The Villain (or "You Don't Have To Be Mad To Work For Him, But It Helps")


The subject of much speculation, including all kinds of convoluted stuff from me on this site. In the end the question of who he is was quite simply settled in a way I should have seen coming but didn't. We were expecting him, to coin a phrase. But at the same time he was who Christoph Waltz said he was. Then again, the film's called SPECTRE, we've had a thirty or more year wait for the return so a movie so titled without "himself" as the bad guy would be like Hamlet without the Prince, in my opinion.


SPECTRE the syndicate seems to have changed a little bit - gone with the times - terrorism of the dreadful type we have seen in real life in past weeks, white slavery, drug smuggling, political and financial corruption - but the board meeting seems like something out of an old fashioned horror film, all darkness at one end of the room with a supreme being you can't see. And what a waste of personnel - in the old days one had to have seriously messed up to get bumped off in the board room. Here? The typical death in the villain's presence seems to be a bit like the old football chant "Come and have a go if you think you're hard enough!"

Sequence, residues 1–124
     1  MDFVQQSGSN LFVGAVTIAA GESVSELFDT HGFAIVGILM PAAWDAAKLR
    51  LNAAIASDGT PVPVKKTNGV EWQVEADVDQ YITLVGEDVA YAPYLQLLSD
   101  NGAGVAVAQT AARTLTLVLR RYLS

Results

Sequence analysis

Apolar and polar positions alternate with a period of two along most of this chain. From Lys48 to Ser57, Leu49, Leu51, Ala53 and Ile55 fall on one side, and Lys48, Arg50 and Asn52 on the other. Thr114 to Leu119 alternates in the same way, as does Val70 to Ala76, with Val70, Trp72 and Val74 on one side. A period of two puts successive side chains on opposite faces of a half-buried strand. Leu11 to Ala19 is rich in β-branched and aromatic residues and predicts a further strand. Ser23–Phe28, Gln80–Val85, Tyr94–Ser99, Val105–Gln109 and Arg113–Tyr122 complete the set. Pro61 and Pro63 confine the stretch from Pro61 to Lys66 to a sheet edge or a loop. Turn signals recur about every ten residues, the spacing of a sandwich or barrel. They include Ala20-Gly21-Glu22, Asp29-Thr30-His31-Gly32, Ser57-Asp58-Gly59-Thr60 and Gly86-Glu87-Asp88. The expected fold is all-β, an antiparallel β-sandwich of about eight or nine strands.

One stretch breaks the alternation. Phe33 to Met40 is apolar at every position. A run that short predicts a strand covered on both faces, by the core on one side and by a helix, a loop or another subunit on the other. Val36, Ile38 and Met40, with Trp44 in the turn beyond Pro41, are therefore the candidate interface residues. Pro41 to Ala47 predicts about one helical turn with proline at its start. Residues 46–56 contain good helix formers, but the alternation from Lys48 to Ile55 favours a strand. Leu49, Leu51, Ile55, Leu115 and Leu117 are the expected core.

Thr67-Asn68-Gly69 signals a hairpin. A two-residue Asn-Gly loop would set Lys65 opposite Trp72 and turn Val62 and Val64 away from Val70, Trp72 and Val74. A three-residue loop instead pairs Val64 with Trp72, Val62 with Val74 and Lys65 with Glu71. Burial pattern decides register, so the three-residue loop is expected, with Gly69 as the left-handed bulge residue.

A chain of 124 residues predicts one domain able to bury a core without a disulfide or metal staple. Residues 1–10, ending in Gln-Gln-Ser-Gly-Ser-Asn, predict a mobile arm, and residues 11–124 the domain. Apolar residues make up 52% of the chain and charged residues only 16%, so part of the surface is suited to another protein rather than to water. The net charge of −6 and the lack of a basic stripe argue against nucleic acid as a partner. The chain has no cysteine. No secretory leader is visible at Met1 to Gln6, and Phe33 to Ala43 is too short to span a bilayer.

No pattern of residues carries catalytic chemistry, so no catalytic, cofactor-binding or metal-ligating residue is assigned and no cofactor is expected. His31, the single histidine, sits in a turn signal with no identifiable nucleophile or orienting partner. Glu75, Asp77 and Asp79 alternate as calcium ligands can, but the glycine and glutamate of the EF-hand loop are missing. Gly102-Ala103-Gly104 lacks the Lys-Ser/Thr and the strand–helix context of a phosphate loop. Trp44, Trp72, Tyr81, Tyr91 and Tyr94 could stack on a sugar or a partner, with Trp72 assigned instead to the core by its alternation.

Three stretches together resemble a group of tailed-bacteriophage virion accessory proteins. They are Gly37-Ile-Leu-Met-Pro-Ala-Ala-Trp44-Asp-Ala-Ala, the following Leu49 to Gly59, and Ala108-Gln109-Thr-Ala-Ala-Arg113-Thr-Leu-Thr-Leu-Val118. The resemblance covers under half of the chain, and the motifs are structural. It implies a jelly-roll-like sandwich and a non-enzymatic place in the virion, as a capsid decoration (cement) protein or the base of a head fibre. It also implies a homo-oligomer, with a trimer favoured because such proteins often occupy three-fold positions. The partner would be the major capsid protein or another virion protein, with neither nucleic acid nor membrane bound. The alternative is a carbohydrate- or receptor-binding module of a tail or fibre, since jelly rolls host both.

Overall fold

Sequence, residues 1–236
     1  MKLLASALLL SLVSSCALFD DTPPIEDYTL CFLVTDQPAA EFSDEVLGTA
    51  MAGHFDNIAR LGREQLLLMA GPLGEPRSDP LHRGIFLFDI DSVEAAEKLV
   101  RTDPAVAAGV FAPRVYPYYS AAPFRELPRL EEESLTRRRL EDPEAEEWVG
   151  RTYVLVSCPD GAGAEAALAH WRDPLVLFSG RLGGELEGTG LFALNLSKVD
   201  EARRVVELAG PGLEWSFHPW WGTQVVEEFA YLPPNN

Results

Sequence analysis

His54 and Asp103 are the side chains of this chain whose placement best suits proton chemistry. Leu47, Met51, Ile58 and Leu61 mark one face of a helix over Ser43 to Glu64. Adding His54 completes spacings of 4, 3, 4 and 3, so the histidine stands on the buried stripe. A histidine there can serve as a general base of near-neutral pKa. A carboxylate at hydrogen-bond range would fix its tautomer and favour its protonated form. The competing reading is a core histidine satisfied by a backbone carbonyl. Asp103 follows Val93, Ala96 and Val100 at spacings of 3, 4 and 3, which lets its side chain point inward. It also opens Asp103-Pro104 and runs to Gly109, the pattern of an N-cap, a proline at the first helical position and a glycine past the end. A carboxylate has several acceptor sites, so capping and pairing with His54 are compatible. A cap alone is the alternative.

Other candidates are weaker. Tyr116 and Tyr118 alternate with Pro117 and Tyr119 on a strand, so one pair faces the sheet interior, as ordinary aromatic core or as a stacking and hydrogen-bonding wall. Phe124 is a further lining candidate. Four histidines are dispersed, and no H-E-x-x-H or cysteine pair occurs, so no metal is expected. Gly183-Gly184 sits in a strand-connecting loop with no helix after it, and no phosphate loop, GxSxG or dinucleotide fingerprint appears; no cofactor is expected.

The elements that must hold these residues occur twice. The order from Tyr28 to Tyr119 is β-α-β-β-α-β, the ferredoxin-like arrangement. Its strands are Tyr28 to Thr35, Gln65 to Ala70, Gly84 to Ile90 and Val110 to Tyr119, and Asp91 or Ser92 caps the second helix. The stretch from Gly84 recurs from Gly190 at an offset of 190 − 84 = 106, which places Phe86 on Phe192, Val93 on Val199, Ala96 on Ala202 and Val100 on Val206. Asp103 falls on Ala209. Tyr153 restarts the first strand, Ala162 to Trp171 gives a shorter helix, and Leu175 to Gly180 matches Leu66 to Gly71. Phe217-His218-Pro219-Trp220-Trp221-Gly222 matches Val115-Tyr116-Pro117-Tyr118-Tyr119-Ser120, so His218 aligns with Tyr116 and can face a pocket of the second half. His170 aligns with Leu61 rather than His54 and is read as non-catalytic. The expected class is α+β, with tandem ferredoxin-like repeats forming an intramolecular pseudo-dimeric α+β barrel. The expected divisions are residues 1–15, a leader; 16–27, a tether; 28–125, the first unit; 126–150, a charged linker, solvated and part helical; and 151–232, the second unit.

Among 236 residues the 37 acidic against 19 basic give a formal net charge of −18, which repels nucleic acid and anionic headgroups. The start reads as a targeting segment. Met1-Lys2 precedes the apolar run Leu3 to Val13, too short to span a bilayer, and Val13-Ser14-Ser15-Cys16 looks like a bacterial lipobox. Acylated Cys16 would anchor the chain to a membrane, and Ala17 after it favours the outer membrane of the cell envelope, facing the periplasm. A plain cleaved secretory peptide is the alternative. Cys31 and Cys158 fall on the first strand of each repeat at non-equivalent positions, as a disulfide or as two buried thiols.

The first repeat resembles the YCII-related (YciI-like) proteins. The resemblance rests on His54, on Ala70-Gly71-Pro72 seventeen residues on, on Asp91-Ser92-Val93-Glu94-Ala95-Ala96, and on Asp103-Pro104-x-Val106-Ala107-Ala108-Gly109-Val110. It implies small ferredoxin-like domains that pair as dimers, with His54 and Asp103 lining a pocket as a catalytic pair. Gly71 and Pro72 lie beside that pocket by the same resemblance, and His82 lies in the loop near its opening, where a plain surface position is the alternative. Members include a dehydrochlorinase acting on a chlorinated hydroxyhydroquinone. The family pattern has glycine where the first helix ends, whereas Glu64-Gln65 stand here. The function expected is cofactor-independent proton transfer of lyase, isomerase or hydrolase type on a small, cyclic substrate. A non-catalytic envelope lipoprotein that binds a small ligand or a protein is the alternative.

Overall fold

As for the villain's fiendish plan - well on the face of it control of the world's CCTV seems a bit of a come down compared to hijacking Vulcan bombers or US/Soviet spacecraft. But this is likely what a modern version of SPECTRE would do - take over the world from within, infiltrate, force governments to give up the liberty of the people in the name of security whilst ensuring it has a head start on any plans to tackle its schemes, through corruption of the "Nine Eyes" combined intelligence project. In previous incarnations SPECTRE was an opportunist crime syndicate give to issuing "pay up or else" ransom demands. Now it is much more ambitious. It doesn't blackmail governments - its wants to covertly own and control them. This might not have the same visual impact as a volcano rocket base or a space laser beam, but is much more sinister - SPECTRE, the would be shadow government of the world.


And as for the villain - Christoph Waltz, like many playing Bond villains, isn't afforded quite as much time as we might like but makes the most of the screen time he has. He creates a villain of global ambition but at the same time focused on a petty personal issue with 007 - though admittedly not as much as many of us feared. The whole "big reveal" about his true identity, whilst crucial to the plot as only Bond knows his real identity at first, is in the end treated almost casually. "So you call yourself this now? So what?" seems to be Bond's attitude. It's as if the youthful connection was essential for Bond to track Oberhauser/Blofeld down - but once he's done the job the familial link is no longer central to the story. Its done its job in allowing Bond to find his nemesis - and Bond, notably, refers to the villain by the name he uses, as if that character's former life really did end in the Austrian snow.